A team of astronomers led by Yancy Shirley
at the University of Arizona's Steward Observatory
has completed the largest-ever survey of dense gas clouds in the Milky Way – pockets shrouded in gas and dust where new stars are being born. Cataloging and mapping more than 6,000 gas clouds, the survey allows astronomers to better understand the earliest phases of star formation.
"When you look at the Milky Way on a clear summer night, you'll notice it's not a continuous stream of stars," said Shirley. "Instead, you'll notice all those little dark patches where there seem to be no stars. But those regions are not devoid of stars – they're dark clouds containing dust and gas, the raw material from which stars and planets are forming in our Milky Way today."
According to Shirley, the survey is a major step forward in astronomy because it allows astronomers to study the earliest phases of star formation when the gas and dust in the star-forming clouds are just beginning to coalesce, before giving rise to clusters of stars. He explained that much of the research over the last 30 to 40 years has been very targeted towards regions where prospective stars, called proto-stars, have already begun to take shape.
"All the famous, major regions of star formation in our galaxy have been studied in great detail," Shirley said. "But we know very little about what happens in those star-less clumps before proto-stars form, and where."
The survey provides the first unbiased map of the galaxy that shows where all those regions are throughout the galaxy, in different galactic environments and at different evolutionary stages. This helps astronomers better understand how the properties of these regions change as star formation progresses.
"Starless clumps have only been detected in small numbers to date," Shirley said. "Now, for the first time, we have seen this earliest phase of star formation, before a cluster actually forms, in large numbers in an unbiased way."
According to the UA astronomer, the star formation rate in the Milky Way was higher in the past, and currently stars form on the order of about one solar mass per year.
How long does it take to become a full-blown star?
"That is something we hope to be able to calculate by comparing the number of sources that are in that early phase to the number of sources that are in a later phase," Shirley explained. "The ratio between the two tells you how long each phase lasts. In our survey there seem to be fewer regions that have not yet begun forming stars than those that have, which tells us the earlier phase must be shorter. If that phase lasted much longer, there should be many more of those."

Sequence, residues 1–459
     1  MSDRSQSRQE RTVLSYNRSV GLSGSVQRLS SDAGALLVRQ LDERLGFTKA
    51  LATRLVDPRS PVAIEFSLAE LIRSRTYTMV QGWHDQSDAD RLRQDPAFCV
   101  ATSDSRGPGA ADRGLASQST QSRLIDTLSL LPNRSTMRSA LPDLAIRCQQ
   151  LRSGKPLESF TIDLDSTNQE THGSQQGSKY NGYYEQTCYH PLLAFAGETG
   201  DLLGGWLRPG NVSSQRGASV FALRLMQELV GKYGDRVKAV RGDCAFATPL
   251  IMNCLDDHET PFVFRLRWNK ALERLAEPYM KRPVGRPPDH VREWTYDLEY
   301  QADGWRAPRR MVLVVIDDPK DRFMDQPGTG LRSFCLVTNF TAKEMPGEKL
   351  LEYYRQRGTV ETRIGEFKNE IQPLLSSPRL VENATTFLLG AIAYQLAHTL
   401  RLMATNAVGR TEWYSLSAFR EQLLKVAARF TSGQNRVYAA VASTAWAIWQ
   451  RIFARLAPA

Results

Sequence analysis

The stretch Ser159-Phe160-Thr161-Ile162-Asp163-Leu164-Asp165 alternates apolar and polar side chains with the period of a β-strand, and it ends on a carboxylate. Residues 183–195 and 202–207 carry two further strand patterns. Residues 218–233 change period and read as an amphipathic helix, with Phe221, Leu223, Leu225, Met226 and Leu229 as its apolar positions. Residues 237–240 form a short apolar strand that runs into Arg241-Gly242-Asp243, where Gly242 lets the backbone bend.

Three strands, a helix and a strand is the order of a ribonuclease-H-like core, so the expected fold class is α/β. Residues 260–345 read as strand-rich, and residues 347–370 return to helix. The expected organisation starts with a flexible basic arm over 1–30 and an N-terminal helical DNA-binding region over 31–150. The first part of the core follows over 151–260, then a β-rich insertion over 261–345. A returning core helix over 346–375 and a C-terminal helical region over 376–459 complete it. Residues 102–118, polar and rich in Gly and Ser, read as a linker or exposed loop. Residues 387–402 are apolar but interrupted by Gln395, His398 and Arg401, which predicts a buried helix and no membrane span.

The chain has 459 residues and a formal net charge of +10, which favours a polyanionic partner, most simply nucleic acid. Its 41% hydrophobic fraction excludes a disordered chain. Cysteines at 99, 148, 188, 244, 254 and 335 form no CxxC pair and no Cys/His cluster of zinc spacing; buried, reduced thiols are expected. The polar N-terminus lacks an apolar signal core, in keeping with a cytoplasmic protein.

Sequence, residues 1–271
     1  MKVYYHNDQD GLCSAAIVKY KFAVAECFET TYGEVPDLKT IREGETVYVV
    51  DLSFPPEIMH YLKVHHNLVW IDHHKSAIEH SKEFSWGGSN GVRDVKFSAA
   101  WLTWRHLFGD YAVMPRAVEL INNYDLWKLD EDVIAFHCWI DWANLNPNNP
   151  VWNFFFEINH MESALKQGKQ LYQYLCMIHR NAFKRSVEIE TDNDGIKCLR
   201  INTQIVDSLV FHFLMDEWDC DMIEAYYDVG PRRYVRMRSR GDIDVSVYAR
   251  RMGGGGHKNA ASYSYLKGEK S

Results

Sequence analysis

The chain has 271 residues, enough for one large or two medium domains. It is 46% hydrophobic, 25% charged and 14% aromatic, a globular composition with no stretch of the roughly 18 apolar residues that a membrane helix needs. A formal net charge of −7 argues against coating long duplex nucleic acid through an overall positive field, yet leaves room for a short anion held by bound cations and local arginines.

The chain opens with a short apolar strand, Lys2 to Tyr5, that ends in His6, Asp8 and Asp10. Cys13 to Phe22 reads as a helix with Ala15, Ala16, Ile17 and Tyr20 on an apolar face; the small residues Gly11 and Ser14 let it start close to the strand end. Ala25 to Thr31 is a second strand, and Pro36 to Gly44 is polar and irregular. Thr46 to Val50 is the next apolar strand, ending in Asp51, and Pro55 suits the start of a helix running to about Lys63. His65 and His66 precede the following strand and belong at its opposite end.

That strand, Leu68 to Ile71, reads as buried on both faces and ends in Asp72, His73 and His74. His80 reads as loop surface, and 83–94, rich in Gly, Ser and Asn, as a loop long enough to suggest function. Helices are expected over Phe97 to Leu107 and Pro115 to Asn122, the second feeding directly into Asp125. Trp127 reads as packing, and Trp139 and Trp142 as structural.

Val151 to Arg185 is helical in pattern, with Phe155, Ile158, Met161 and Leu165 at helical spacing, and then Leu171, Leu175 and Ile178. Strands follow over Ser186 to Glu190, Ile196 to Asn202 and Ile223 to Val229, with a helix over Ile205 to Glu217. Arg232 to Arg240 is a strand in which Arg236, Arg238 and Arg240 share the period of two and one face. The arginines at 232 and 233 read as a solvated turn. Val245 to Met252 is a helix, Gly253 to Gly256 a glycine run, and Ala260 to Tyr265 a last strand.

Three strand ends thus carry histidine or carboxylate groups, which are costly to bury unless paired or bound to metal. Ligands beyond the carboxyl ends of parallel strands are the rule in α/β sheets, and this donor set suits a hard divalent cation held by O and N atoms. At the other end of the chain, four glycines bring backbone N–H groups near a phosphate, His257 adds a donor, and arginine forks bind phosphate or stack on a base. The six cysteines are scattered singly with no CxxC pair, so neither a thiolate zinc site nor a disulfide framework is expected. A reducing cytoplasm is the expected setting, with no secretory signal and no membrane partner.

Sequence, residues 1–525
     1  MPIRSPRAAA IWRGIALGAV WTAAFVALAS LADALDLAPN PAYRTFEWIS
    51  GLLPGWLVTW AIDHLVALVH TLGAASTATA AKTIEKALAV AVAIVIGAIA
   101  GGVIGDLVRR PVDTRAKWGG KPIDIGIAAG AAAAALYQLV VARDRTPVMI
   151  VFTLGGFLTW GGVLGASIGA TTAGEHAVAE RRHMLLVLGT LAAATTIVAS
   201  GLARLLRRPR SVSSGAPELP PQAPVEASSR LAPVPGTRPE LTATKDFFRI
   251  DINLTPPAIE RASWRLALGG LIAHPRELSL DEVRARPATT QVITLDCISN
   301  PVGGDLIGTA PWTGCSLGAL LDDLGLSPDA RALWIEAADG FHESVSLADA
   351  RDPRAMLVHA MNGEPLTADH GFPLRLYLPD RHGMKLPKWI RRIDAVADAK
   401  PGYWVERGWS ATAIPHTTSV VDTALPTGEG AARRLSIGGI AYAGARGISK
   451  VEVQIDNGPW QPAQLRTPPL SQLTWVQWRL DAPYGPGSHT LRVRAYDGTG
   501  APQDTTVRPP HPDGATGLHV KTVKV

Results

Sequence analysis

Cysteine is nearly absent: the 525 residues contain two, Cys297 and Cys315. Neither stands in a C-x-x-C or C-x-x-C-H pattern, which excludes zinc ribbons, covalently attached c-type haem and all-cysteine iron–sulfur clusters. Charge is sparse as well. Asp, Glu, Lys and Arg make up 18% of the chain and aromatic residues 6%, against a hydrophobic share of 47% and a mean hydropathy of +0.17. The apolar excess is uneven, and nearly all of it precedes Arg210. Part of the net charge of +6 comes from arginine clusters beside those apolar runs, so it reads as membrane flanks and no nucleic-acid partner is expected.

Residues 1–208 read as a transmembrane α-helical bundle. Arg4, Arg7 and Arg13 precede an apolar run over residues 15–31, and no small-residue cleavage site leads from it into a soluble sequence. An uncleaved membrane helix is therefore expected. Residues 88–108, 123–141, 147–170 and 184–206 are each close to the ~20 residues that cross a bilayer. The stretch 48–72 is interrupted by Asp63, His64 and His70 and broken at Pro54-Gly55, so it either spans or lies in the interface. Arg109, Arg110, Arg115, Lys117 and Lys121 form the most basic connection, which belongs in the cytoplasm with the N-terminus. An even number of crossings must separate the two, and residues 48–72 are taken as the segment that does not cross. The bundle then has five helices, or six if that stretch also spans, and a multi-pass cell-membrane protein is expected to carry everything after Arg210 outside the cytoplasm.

Because the dense accumulations of dust are impervious to light in the visible spectrum, astronomers can't observe them with telescopes detecting light in the visible spectrum such as the Hubble Space Telescope.
"For those of us who want to study how stars form, that's a real problem because if we want to observe a young star or a cluster of stars forming in one of those dark clouds, all that dust gets in the way," said Shirley.
However, it turns out the same dust that blocks visible light actually glows at long wavelengths, specifically radio wavelengths, which are about a million times longer than visible light.
"Heat emanating from the young clusters of stars forming inside the clouds, combined with ambient radiation and even starlight from the surrounding galaxy, all that heats up those dust grains just a little bit above absolute zero," Shirley said. "As a result they glow, allowing us to peer inside the clouds with a radio telescope at very long wavelengths."
For their survey, which covers all parts of the galactic plane visible from the northern hemisphere, the group used the Sub-Millimeter Telescope at the Arizona Radio Observatory, equipped with a sensitive new receiver. Shirley said the proximity and accessibility of the UA-operated telescope made this project possible in the first place.
The survey, published
in The Astrophysical Journal, resulted from a group effort including Wayne Schlingman, who completed his PhD at the UA last year and is now postdoctoral researcher at the University of Colorado Boulder; Brian Svoboda, a current doctoral student in the UA's Department of Astronomy
, and Tim Ellsworth-Bowers, a current doctoral student at the University of Colorado Boulder and former UA graduate.
"Almost everybody on the team that put this all together has a connection to the UA," said Shirley, who himself graduated from the UA's department of astronomy before returning to join the faculty.